All of this investment didn’t happen accidentally. It was spurred by a return to laissez-faire Internet regulations reminiscent of the earlier days of the Internet, and was predicted by those who opposed Net Neutrality.

“It’s basic economics,” former FCC head Ajit Pai said. “The more heavily you regulate something, the less of it you’re likely to get.”

Pai’s point deserves attention. Supporters of Net Neutrality argued that the policy was necessary to keep ISPs in line so they didn’t rig the game against consumers in pursuit of higher profits.

But it was precisely the lack of regulation (and the pursuit of profits) that spurred the Internet boom. Companies seeking profit poured capital into Internet services in an effort to attract customers by offering a better, faster, and less-expensive product than their competitors.

Internet prices fell and service improved as a result, despite widespread fears that it would result in the “end of the Internet.” Why so many leftists might have genuinely believed the Internet would break without a federal bureaucracy holding its hand can perhaps be found in the views of the father of socialism, Karl Marx.

Marx saw competition — especially market competition — as a destructive force:

Competition engenders misery, it foments civil war, it ‘changes natural zones,’ mixes up nationalities, causes trouble in families, corrupts the public conscience, ‘subverts the notion of equity, of justice,’ of morality, and what is worse, it destroys free, honest trade, and does not even give in exchange synthetic value, fixed, honest price. It disillusions everyone, even economists. It pushes things so far as to destroy its very self.

The great Austrian economist Ludwig von Mises knew better. He saw market competition as the engine of economic production — “the sharper competition, the better” — which is why he disliked comparisons of competition to war.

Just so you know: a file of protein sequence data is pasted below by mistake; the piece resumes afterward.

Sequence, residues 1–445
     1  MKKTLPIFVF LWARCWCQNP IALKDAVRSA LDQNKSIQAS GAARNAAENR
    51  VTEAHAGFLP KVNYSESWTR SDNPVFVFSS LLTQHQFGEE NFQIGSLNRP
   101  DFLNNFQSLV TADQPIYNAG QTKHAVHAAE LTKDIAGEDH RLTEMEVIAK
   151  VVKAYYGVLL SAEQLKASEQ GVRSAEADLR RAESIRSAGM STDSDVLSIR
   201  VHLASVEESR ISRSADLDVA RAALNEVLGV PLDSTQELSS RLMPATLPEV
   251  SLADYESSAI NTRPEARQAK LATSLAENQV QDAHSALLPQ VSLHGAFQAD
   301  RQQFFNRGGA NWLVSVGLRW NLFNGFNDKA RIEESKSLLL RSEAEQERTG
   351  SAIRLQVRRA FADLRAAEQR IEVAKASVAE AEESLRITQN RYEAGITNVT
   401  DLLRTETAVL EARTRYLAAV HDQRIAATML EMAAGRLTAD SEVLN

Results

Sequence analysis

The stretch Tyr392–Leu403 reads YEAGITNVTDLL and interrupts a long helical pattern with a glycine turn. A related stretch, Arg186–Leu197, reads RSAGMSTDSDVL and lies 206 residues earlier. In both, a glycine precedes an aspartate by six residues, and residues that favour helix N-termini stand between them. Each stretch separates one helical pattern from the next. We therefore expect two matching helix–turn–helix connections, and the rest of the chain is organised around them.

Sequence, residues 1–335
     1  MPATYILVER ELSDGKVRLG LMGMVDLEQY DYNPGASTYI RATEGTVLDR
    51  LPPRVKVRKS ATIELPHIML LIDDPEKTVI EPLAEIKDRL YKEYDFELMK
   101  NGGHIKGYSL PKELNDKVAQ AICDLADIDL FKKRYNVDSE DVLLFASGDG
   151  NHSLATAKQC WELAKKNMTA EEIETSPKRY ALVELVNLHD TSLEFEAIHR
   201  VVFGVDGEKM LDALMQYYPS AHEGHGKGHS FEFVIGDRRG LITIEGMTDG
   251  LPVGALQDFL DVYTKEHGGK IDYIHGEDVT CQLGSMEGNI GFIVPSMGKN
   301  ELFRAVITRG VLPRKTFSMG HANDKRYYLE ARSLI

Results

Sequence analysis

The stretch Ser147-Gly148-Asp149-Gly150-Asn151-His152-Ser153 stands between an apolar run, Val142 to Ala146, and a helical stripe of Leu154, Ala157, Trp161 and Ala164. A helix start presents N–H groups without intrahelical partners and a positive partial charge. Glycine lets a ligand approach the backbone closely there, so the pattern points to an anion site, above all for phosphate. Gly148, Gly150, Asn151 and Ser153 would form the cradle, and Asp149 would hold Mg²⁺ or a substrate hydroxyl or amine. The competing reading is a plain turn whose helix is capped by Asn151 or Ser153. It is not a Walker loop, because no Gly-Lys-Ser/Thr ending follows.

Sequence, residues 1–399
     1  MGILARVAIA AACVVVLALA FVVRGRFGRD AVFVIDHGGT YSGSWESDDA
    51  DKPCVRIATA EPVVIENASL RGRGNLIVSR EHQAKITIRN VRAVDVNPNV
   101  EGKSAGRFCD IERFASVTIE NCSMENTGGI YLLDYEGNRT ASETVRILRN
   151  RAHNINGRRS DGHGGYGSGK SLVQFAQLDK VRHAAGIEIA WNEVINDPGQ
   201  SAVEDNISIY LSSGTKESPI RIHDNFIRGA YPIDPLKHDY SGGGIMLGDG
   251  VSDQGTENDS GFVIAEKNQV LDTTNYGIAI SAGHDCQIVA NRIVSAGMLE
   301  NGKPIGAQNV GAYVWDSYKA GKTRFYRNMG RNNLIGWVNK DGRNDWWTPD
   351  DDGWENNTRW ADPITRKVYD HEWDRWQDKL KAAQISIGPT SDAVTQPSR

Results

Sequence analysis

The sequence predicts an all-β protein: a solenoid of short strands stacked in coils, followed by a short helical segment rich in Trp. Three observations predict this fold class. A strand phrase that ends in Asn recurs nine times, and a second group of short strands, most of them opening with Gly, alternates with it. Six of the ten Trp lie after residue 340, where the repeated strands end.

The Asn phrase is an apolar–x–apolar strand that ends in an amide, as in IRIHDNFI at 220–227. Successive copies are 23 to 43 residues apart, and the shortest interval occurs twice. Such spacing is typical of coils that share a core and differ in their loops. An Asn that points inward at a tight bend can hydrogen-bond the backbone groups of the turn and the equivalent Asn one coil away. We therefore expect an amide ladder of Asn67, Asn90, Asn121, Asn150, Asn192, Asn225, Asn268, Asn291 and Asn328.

“The function of battle is destruction; of competition, construction,” he noted in his 1922 book Socialism.

The Revival of Net Neutrality

The rapid expansion of Internet services over the last six years shows that Pai and Mises understand economics better than Net Neutrality proponents (and Karl Marx). Deregulation spurred investment and market competition, which ultimately resulted in a better Internet — not the end of the Web.

Alas, even though the apocalyptic predictions never materialized, Net Neutrality is back.

Last month, the FCC voted, by a 3–2 margin, to reinstate the policy in an attempt to, in CNN’s words, “reassert its authority over an industry that powers the modern digital economy.”

What’s astonishing is that you wouldn’t even know the amazing story about the explosion in Internet services (or the failed predictions of 2017–18) if you read a news story about the reinstatement of Net Neutrality.

The Associated Press mentions not a single word about the failed predictions or the improved speed and affordability of Internet services. Instead, we’re given this nugget from FCC Chairwoman Jessica Rosenworcel: “In our post-pandemic world, we know that broadband is a necessity, not a luxury.”

CNN, PBS, and numerous other media outlets ran similar stories that failed to mention either the doomsday predictions or the explosion of Internet services over the last six years.